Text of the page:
20th Sep 2020

EU chair Latvia calls for 'answers' on Nemtsov killing

  • The murder took place on the Bolshoy Moskvoretsky bridge, a stones throw from the Kremlin (Photo: Jon Deane)

The murder of Boris Nemtsov, a Russian opposition leader, in central Moscow has prompted strong statements from some EU capitals and the US.

Russian state media said he was shot four times at around 11.15pm local time on Friday (27 February) on the Bolshoy Moskvoretsky bridge, a stone’s throw from the Kremlin, by an “unknown assailant” in a white car.

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  • Nemtsov had called for a rally against the Ukraine war shortly before he was killed (Photo: Sergey Rodovnichenko)

They said president Vladimir Putin was “immediately informed” and has launched an inquest which he will “personally head”.

They also said police were conducting a manhunt.

The killing of the 55-year old politician, a former deputy prime minister and a father of four, came shortly after he’d spoken on the independent Ekho Moskvy radio station, urging people to join a rally, on 1 March, against the war in Ukraine.

The first EU reaction came in a tweet by the foreign minister of Latvia, which currently holds the EU presidency.

“Horrible news … condolences to family, Russia must conduct swift, non-partial investigation, provide answers”, Edgars Rinkevics said.

Zygimantas Pavilionis, Lithuania’s ambassador to the US, was more strident. “Time 4Russian people 2wake up & defend their dignity. #Putinkiller preparing Russia 4totalitarian rule. Road 2hell. RIP Nemtsov”, his tweet said.

For his part, US president Barack Obama echoed Latvia's plea, calling for "a prompt, impartial, and transparent investigation into the circumstances of his murder".

He described Nemtsov as "a tireless advocate for his country, seeking for his fellow Russian citizens the rights to which all people are entitled".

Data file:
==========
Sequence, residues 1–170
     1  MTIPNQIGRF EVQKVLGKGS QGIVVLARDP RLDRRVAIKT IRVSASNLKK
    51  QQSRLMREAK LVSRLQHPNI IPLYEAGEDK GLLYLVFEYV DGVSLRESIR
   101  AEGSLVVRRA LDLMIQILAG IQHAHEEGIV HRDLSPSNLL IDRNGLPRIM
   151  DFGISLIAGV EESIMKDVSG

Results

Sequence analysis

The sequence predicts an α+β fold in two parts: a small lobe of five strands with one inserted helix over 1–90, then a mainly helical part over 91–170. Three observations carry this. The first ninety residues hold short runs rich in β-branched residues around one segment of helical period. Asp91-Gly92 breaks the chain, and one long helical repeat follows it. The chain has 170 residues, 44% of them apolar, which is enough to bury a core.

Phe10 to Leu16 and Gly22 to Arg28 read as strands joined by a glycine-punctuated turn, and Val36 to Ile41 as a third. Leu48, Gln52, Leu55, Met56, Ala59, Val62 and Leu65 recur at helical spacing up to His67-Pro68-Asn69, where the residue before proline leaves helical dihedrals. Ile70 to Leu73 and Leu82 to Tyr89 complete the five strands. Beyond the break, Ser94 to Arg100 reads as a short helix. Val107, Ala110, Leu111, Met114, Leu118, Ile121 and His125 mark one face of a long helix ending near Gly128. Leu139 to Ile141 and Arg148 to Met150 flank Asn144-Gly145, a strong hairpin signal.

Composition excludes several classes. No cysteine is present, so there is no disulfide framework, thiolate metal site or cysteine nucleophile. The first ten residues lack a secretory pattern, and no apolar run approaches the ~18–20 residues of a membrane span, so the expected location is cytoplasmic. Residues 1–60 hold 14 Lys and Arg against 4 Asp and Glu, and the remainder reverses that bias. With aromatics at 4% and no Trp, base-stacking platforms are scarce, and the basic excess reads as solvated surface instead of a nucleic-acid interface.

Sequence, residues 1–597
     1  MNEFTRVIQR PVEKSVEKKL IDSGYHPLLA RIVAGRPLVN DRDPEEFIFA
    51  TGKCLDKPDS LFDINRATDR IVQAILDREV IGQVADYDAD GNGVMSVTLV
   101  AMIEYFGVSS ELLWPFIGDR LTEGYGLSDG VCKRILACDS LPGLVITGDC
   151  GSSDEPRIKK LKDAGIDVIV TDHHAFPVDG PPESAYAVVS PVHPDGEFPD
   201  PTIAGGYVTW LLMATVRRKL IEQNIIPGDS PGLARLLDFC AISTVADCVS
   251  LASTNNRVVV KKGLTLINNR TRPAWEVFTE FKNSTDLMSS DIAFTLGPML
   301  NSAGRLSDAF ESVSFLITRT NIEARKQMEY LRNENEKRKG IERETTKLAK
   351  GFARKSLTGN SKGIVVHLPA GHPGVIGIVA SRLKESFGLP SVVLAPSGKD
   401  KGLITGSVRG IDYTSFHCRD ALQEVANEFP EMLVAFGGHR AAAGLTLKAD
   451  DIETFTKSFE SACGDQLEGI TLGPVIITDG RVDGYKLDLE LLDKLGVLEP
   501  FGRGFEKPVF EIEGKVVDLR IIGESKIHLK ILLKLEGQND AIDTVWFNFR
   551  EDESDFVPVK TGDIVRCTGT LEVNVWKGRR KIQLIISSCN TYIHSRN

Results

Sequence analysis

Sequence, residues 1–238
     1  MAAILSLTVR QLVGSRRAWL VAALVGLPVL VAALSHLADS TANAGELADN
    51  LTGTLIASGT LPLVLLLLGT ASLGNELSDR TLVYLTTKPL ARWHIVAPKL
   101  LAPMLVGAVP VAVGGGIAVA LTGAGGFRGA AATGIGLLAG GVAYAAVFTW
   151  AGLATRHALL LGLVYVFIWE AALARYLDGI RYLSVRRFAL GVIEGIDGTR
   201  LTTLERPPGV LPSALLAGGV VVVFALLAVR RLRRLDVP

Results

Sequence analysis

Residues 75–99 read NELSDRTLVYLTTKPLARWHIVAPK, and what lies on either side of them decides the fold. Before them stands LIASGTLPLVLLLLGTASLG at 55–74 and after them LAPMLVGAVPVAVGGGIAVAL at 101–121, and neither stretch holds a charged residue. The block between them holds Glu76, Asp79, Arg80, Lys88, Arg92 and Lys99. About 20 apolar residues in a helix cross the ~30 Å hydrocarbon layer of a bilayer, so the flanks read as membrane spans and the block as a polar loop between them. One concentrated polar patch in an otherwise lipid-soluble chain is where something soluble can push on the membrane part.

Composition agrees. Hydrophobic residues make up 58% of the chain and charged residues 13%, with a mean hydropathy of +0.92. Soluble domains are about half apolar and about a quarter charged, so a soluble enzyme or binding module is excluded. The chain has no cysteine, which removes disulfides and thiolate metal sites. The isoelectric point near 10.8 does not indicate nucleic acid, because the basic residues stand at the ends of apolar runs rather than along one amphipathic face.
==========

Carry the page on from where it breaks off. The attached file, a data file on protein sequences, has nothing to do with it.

Inside Russia fellow opposition activists pointed the finger at the authorities or their supporters.

“Nemtsov … criticised the most important state officials in our country, including president Vladimir Putin. As we have seen, such criticism in Russia is dangerous for one's life”, Ilya Yashin told Ekho Moskvy.

Nemtsov’s lawyer, Vadim Prokhorov, told Kommersant, a liberal daily: “I'm sure that this has a political motive, and that the murder could have been committed by someone returning from the conflict zone in south-eastern Ukraine”.

According to Reuters, Mikhail Kasyanov, a former Russian PM, told reporters at the scene of the crime: "That a leader of the opposition could be shot beside the walls of the Kremlin is beyond imagination. There can be only one version: that he was shot for telling the truth”.

The Kremlin also described the murder as political, but hinted that the motive is to create instability.

"Putin noted that the violent murder bears the marks of a contract killing and is purely provocative," Putin’s spokesman, Dmitry Peskov, told the Tass news agency, a state mouthpiece.

The Nemtsov killing is the latest in a series of high-profile murders of anti-corruption activists, human rights campaigners, and Kremlin critics under Putin’s leadership.

The list includes, but is not limited to, Alexei Devotchenko, Natalia Estemirova, Alexander Litvinenko (killed in the UK), Sergei Magnitsky, Stanislav Markelov, and Anna Politkovskaya.

The responsible persons have not been brought to justice in any of the cases.


The EU and US have imposed sanctions on Russia over its invasion of Ukraine.

The US has also imposed separate sanctions over the Magnitsky case on human rights grounds.

But the EU has refused to do so, with diplomats saying they can't prove who killed him and that they can't set a precedent of imposing blacklists for the sake of individual criminal cases overseas.

Bill Browder, Magnitsky’s former employer, who is campaigning for the EU to follow suit with its own Magnitsky-linked blacklist, said: “Last night Russia entered a new and dark phase in its slide toward totalitarian dictatorship”.

“I can only hope that Boris Nemtsov's legacy will ultimately bring about the democratic change in Russia he worked his whole life to achieve”.

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